The Illusion of Freedom – Part 4/4

May 10, 2012

The McCarthy era started in the late 1940s and lasted to the late 1950s.

It is difficult to estimate the number of victims of McCarthyism. The number imprisoned is in the hundreds, and some ten or twelve thousand lost their jobs. In many cases simply being subpoenaed by HUAC or one of the other committees was sufficient cause to be fired. Many of those who were imprisoned, lost their jobs or were questioned by committees did in fact have a past or present connection of some kind with the Communist Party.

However, for the vast majority, both the potential for them to do harm to the nation and the nature of their communist affiliation were tenuous. Suspected homosexuality was also a common cause for being targeted by McCarthyism. The hunt for ‘sexual perverts’, who were presumed to be subversive by nature, resulted in thousands being harassed and denied employment.


HBO Documentary of Freedom of Speech in five parts – Part 4

In fact, in 1954, a Gallup poll found that 50% of the American public supported McCarthy, while only 29% had an unfavorable opinion of the senator. In addition, Earl Warren, the Chief Justice of the US Supreme Court, said that if the US Bill of Rights had been put to a vote it probably would have been defeated.

McCarthy bullied, threatened and abused witnesses while he accused them of Communist sympathies. However, in the late 1950s, public opinion turned against McCarthy.  He was forced out of public life and died several years later an alcoholic.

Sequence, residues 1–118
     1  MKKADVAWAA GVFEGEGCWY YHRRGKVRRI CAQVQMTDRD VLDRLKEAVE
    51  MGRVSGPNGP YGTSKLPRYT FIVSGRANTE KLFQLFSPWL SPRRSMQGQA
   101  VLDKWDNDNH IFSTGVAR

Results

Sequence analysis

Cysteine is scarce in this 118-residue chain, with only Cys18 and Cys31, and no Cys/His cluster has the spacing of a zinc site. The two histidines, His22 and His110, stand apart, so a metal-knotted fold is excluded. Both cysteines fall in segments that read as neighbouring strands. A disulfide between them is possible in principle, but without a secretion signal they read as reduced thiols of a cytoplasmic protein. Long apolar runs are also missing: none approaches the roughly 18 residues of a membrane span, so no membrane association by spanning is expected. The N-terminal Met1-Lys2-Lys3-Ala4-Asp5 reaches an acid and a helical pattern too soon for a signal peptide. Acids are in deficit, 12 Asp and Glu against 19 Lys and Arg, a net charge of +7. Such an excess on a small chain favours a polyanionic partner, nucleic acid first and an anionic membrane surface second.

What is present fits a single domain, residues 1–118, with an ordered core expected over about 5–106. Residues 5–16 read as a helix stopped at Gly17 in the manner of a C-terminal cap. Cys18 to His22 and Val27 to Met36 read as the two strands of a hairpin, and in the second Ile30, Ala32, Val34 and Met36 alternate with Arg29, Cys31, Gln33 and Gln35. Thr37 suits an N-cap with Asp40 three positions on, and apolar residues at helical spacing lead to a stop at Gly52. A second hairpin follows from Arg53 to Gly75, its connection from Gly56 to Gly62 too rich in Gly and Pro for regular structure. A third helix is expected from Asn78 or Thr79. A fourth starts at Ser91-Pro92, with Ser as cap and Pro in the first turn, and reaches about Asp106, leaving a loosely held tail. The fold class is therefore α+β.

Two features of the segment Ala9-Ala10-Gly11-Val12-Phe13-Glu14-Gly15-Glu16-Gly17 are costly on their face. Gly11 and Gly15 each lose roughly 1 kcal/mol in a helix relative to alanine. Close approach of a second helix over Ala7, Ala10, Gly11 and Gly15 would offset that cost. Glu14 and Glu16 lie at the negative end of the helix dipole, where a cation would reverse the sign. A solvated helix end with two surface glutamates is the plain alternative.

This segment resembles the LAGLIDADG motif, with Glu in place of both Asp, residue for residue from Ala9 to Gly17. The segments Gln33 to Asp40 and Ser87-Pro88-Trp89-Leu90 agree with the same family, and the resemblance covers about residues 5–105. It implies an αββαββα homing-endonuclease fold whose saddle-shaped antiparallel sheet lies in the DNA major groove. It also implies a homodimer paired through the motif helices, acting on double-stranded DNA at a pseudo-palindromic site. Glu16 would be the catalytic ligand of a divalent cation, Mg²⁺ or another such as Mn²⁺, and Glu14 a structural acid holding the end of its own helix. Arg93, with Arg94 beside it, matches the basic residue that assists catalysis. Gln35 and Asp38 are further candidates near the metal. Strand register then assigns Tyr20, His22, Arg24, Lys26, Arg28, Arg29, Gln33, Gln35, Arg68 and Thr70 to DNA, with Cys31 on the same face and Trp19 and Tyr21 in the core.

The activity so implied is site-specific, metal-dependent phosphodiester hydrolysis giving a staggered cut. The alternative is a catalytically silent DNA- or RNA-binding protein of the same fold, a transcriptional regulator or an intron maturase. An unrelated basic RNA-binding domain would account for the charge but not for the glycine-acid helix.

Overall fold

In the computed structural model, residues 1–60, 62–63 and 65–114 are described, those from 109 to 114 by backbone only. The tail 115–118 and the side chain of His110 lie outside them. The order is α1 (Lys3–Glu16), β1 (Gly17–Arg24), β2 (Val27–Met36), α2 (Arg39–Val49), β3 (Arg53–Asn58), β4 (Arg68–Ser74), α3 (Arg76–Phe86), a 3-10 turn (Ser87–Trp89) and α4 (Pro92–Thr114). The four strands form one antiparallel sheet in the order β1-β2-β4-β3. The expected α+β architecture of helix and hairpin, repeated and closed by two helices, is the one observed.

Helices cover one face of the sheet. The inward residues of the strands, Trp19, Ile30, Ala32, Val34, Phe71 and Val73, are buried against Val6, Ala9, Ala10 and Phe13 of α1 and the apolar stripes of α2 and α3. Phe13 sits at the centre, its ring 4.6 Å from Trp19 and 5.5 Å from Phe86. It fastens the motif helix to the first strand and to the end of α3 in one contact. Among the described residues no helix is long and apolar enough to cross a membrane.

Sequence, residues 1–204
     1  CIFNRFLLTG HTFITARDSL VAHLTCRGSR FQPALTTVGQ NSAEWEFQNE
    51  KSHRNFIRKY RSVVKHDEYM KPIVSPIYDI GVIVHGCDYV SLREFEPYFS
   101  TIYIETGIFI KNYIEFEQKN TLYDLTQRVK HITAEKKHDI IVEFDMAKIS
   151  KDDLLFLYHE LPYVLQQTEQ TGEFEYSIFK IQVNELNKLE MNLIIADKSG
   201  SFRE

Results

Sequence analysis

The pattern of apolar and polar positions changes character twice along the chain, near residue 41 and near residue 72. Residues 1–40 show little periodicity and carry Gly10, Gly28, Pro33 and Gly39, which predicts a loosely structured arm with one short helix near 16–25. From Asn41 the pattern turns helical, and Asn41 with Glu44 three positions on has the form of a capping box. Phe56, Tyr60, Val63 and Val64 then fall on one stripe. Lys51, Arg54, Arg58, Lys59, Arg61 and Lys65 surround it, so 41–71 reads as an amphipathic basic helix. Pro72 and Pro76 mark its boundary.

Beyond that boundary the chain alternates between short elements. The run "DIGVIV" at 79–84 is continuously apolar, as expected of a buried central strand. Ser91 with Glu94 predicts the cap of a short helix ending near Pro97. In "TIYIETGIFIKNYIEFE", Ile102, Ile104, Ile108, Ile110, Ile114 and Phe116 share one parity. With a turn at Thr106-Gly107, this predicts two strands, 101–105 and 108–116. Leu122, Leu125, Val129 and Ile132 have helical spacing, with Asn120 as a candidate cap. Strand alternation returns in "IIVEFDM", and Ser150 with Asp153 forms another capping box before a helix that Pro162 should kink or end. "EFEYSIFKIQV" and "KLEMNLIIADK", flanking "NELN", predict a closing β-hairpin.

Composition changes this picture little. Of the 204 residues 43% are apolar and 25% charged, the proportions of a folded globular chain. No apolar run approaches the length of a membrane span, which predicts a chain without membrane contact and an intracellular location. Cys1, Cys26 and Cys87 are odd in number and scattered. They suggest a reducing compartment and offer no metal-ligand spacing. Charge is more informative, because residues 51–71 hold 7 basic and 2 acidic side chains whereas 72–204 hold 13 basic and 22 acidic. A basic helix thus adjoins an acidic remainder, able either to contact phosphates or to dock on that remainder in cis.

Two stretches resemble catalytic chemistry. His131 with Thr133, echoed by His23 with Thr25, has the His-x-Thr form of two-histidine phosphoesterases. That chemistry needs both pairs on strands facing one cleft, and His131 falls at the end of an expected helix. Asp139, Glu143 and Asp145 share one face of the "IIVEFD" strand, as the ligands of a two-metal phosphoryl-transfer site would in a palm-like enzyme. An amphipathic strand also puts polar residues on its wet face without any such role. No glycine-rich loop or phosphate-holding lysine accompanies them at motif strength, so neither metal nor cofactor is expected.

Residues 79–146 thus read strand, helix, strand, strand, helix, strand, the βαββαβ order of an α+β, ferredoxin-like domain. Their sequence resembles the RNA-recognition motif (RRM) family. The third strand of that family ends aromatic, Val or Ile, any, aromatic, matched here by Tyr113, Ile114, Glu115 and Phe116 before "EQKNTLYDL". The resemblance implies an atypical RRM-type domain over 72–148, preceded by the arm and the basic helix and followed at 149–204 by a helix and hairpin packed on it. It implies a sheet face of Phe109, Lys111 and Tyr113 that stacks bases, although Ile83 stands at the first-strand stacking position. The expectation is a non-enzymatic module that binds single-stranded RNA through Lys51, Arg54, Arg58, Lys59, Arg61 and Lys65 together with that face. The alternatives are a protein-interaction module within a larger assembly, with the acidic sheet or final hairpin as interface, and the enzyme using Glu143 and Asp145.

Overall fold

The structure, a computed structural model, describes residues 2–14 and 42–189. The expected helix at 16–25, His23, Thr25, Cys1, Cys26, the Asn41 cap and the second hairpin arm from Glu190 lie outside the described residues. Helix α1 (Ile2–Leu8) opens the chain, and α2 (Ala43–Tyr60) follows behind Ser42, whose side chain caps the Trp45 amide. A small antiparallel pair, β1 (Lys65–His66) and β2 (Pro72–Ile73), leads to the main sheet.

Then there is sedition—another restriction on so-called freedom of speech in the US.

In July 1798, Congress passed and the President signed, the Sedition Act – a bill that made it a crime to speak or write anything against the government. A person charged under the Sedition Act was subject to a maximum of two years in prison and a $2,000 fine. The 1798 Sedition Act would be repealed in 1801. However, after the US entered World War I, President Woodrow Wilson signed into federal law the Sedition Act of 1918.  The law made it illegal to speak out against the government, the war or to discourage anyone from enlisting in the military.

By the time the law was repealed in 1920, more than 2,000 people had been prosecuted.


HBO Documentary of Freedom of Speech in five parts – Part 5